After four years of drought California is now at its driest for 500 years, scientists have found. The heat has left the Golden State with almost no snowpack in the mountains, which is critical for replenishing the state’s water reservoirs.
An analysis of blue oak tree rings in the state’s Central Valley has led scientists to “astonishing” results.
Scientists have compared their measurements of tree-ring data to previous Sierra Nevada snowpack level recordings that have been recorded since the 1930’s and found that oak trees’ growth seem to accurately reflect the lowest snowpack seasons.
“We combined an extensive compilation of blue oak tree-ring series that reflects large-scale California winter precipitation anomalies with a California February-March temperature reconstruction in a reconstruction that explains 63 percent of the Sierra Nevada snow water equivalent variance over the instrumental period,” the scientists wrote.
The answer lies in the rings of Blue oaks that show high winter rain levels with wide bands in the rings, while low levels result in narrow bands.
It became clear after analysis of the new core samples and those taken in previous years that 2015 had the lowest snowpack levels in 500 years.
“The results were astonishing,” Valerie Trouet, an associate professor at the University of Arizona, a senior author for the study, told the Wall Street Journal. “We knew it was an all-time low over a historical period, but to see this as a low for the last 500 years, we didn’t expect that. There’s very little doubt about it.”
- So just how bad are the fires?
- Around 700,000 acres have burned this year in California, compared with about 500,000 in a typical year, and the fire season is nowhere near over. Right now, 15,000 people are deployed fighting wildfires across the state. But what has officials on edge is less about the total acreage than about how readily new fires start, and how quickly — and unpredictably — they grow. “We’ve had fires in California since the beginning of time,” said Mark Ghilarducci, director of the governor’s Office of Emergency Services, “but what we’re seeing now that’s different is the extreme rapid spread of the fires, and the extreme volatility.”
- Why is it this bad?
- Two words: Drought and heat. Vegetation in California, from the mesquite scrub in the desert to the tall pines in the Sierra Nevada, is as dry as kindling after a yearslong drought, the worst in the state’s recorded history. So fire catches more easily, spreads faster, and carries farther on the wind.
The state’s major reservoirs hold less than half as much water as they typically would at this time of year, many wells have run dry, and underground aquifers are so depleted that in some places, the ground has been sinking as much as two inches per month.
- With such a severe drought, do firefighters have enough water to do their work?
- Yes, but it requires some creativity. Ordinarily, pumper trucks and helicopters with water buckets can tap into the streams, lakes and reservoirs closest to the flames. But in many places, those sources are now too low to rely on. Firefighters are making more use of tanker trucks and big, portable plastic water basins to do what is known as “water shuttling” — moving water close to the fires. And helicopter pilots are often having to travel farther to find places to dip their buckets.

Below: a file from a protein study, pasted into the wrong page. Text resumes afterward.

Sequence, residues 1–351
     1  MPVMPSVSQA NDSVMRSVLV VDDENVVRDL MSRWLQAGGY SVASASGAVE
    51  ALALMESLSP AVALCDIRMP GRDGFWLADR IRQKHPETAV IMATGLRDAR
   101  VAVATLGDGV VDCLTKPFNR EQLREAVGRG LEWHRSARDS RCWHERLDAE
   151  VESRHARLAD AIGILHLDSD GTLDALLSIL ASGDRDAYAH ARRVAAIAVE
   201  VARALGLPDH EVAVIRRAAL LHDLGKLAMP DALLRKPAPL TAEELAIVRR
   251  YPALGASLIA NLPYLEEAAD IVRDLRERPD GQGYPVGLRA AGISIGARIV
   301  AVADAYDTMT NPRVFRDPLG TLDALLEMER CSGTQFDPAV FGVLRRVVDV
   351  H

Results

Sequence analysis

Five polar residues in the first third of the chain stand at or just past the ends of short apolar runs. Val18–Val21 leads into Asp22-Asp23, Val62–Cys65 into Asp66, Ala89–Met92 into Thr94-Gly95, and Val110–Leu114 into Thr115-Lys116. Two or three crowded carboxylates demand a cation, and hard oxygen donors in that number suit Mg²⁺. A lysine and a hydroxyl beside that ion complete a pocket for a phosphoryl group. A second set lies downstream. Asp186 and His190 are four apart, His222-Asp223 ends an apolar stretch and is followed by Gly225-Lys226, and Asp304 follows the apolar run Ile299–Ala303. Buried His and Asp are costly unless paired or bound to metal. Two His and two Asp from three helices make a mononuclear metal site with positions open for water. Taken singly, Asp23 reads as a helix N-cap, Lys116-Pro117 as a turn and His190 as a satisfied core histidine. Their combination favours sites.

- How bad have the drought and heat been?
- Last year was the hottest on record in California, and this has been a hot summer. But even the hottest weather would not have created the extreme fire danger the state is seeing, if there had been enough rainfall. California is in the fourth year of a severe drought. One important indicator of just how severe it is came this spring, when state scientists measured the Sierra snowpack at 5 percent of normal — that is not a misprint — the lowest ever recorded.
- Is this about global warming?
- The governor says it is. Climate scientists say the clearest link is that a warmer climate causes more evaporation, so that even when rain and snow do fall, less stays on — and in — the ground and the plants. California has had extreme swings between dry years and wetter ones in the past, but the increasing heat of recent years is something new.
Top administration officials wrote Congress on Tuesday to urge it–once again–to change the way it budgets for firefighting in light of the disastrous wildfire season in the western United States.
The Agriculture Department just informed lawmakers this week that it will have to transfer $250 million to fighting the forest fires now raging, which brings this fiscal year’s emergency spending total to $700 million. Unlike other disaster spending, caused by tornadoes and hurricanes, the federal government must stay within existing budget constraints and divert money from other programs to pay for firefighting.
In a letter to 16 Senate and House members, Agriculture Secretary Tom Vilsack, Interior Secretary Sally Jewell, and White House Office of Management and Budget Director Shaun Donovan wrote that the current funding method is no longer sustainable. The administration has proposed allowing agencies to bust their discretionary budget caps when fire suppression exceeds 70 percent of the 10-year average, but Congress has yet to approve the budgeting change.
“With the dramatic growth in wildland fire over the last three decades and an expected doubling again by mid-century, it only makes sense that Congress begin treating catastrophic wildfire as the natural disaster that it is,” the three wrote.
The cost of the U.S. Forest Service’s wildfire suppression reached a record $243 million in a one-week period last month, and it now spends a record 52 percent of its budget to fighting wildfires. In 1995 it spent just 16 percent: by 2025 it projects that it will spend two-thirds of its budget on fire suppression.